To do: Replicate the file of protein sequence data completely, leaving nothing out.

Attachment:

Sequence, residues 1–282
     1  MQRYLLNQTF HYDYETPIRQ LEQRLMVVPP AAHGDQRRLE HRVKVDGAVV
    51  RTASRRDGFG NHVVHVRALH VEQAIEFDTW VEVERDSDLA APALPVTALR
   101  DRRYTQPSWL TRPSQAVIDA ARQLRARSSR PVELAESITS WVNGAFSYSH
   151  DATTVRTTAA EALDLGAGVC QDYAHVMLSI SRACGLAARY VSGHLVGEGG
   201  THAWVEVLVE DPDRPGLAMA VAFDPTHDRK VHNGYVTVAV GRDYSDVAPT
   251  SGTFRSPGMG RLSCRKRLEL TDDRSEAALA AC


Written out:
Sequence, residues 1–282
     1  MQRYLLNQTF HYDYETPIRQ LEQRLMVVPP AAHGDQRRLE HRVKVDGAVV
    51  RTASRRDGFG NHVVHVRALH VEQAIEFDTW VEVERDSDLA APALPVTALR
   101  DRRYTQPSWL TRPSQAVIDA ARQLRARSSR PVELAESITS WVNGAFSYSH
   151  DATTVRTTAA EALDLGAGVC QDYAHVMLSI SRACGLAARY VSGHLVGEGG
   201  THAWVEVLVE DPDRPGLAMA VAFDPTHDRK VHNGYVTVAV GRDYSDVAPT
   251  SGTFRSPGMG RLSCRKRLEL TDDRSEAALA AC